Parachute cord is also known as paracord and is a lightweight nylon kernmantle rope. Kernmantle rope has a core (kern) of long twisted fibers in the center, with a braided outer sheath or mantle of woven fibers. The braided sheath has a high number of interwoven strands for its size, giving it a relatively smooth texture.
Originally used in the suspension lines of US parachutes during World War II. Once in the field, paratroopers found this cord useful for many other tasks. It is now used as a general purpose utility cord by both military personnel and civilians. Despite the historic association of para-ropes with Airbourne units, virtually all US units have access to the cord. It is used in almost any situation where light cordage is needed.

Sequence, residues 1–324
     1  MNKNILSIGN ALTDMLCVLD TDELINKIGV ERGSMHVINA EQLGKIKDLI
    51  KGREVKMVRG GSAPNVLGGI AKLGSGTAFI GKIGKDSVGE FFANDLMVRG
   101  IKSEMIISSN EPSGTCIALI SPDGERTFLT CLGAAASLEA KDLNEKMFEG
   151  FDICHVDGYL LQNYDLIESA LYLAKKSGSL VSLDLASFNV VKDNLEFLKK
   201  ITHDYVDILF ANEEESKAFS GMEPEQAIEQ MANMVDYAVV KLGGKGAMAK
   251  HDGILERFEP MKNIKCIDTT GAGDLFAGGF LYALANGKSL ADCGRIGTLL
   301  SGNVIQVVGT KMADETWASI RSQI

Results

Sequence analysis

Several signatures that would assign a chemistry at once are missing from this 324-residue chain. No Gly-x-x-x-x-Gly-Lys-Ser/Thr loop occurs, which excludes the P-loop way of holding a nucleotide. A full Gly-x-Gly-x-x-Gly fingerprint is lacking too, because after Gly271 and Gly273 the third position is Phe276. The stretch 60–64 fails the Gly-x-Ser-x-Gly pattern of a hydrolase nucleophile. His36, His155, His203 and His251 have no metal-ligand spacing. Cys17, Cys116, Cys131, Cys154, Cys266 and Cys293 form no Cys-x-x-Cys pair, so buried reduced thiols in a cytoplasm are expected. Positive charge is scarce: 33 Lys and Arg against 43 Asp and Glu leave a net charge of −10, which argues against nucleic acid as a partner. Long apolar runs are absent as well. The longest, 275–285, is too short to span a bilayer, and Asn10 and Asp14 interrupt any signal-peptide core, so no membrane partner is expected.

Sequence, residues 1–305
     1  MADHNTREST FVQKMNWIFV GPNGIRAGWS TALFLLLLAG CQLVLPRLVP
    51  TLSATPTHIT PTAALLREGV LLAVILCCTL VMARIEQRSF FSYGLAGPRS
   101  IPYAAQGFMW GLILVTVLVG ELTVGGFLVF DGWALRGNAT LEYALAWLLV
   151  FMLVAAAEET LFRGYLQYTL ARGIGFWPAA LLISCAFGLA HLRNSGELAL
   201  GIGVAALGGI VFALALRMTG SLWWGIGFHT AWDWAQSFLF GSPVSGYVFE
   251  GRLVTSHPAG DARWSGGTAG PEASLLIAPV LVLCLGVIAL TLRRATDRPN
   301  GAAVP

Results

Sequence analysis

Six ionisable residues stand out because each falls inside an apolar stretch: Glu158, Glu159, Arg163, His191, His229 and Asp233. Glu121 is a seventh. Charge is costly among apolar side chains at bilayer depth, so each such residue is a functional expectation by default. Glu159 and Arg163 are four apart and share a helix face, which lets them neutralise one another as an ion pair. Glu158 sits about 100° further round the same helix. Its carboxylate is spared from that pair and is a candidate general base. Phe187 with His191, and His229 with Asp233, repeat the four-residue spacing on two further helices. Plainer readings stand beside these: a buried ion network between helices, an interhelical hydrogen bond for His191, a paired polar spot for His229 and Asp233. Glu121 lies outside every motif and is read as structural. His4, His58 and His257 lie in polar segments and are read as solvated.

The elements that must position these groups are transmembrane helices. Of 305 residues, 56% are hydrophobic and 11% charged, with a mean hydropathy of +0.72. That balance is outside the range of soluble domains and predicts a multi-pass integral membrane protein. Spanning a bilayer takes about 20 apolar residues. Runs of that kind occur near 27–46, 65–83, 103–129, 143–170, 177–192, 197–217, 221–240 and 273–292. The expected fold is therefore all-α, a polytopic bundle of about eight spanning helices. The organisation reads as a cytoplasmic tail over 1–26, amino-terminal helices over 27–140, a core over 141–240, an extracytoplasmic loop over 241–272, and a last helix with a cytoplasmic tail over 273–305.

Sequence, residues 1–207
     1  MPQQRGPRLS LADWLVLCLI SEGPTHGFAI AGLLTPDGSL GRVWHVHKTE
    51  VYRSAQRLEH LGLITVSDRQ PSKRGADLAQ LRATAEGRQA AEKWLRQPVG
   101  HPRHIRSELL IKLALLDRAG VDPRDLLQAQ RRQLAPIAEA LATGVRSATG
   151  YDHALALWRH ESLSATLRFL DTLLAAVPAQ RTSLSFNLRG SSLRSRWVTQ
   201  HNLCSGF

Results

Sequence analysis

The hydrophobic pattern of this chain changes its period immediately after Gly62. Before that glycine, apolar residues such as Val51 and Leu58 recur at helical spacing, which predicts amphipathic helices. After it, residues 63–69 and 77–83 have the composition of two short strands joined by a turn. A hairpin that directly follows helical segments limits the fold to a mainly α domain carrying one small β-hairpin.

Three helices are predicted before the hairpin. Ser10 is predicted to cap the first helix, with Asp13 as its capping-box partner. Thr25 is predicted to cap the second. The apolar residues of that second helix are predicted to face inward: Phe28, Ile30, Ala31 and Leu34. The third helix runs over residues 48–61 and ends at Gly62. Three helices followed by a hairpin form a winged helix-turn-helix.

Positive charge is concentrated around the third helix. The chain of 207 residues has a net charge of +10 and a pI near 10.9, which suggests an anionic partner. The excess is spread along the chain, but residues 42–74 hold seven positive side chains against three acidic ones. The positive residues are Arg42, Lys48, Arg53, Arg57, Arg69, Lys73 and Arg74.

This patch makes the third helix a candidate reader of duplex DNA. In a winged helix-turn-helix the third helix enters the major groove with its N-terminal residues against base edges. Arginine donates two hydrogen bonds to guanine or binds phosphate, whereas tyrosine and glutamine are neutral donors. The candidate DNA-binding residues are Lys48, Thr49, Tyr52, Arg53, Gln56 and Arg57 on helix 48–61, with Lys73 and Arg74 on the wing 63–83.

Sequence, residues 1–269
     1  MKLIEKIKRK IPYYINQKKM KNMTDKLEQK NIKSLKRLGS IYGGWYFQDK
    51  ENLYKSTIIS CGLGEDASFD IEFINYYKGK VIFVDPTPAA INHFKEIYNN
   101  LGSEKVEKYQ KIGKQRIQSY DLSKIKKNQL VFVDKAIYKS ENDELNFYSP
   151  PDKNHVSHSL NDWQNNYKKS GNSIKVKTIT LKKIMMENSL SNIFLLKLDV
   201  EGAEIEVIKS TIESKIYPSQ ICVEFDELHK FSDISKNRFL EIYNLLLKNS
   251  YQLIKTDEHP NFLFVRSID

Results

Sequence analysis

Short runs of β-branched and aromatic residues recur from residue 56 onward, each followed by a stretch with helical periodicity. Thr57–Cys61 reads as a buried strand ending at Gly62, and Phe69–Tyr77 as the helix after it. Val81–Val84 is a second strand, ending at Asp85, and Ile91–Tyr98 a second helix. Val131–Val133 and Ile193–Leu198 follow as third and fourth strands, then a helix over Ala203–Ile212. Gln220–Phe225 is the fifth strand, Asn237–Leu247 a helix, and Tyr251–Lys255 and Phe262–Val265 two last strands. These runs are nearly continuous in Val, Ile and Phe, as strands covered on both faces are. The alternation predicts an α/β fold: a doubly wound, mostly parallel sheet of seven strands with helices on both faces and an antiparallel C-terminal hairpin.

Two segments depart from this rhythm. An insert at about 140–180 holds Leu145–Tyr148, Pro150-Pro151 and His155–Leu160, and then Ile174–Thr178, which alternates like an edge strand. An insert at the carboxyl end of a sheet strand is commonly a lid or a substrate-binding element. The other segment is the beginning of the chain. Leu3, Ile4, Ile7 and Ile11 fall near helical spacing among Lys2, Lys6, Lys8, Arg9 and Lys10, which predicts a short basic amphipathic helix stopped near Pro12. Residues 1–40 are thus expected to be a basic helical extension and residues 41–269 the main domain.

Typical uses include attaching equipment to harnesses, as dummy cords to avoid losing small or important items, tying rucksacks to vehicle racks, securing camouflage nets to trees or vehicles, and so forth. When threaded with beads, paracord may be used as a pace counter to estimate ground covered by foot. The yarns of the core (commonly referred to as "the guts") can also be removed when finer string is needed, for instance as sewing thread to repair gear, or to be used as fishing line in a survival situation. Ends of the cord are almost always melted and crimped to prevent fraying.
The all-nylon construction makes paracord strong.
Paracord is durable and has a smooth texture. Paracord Jewellery includes 'Survival bracelets', lanyard and watchbands, as well as key fobs.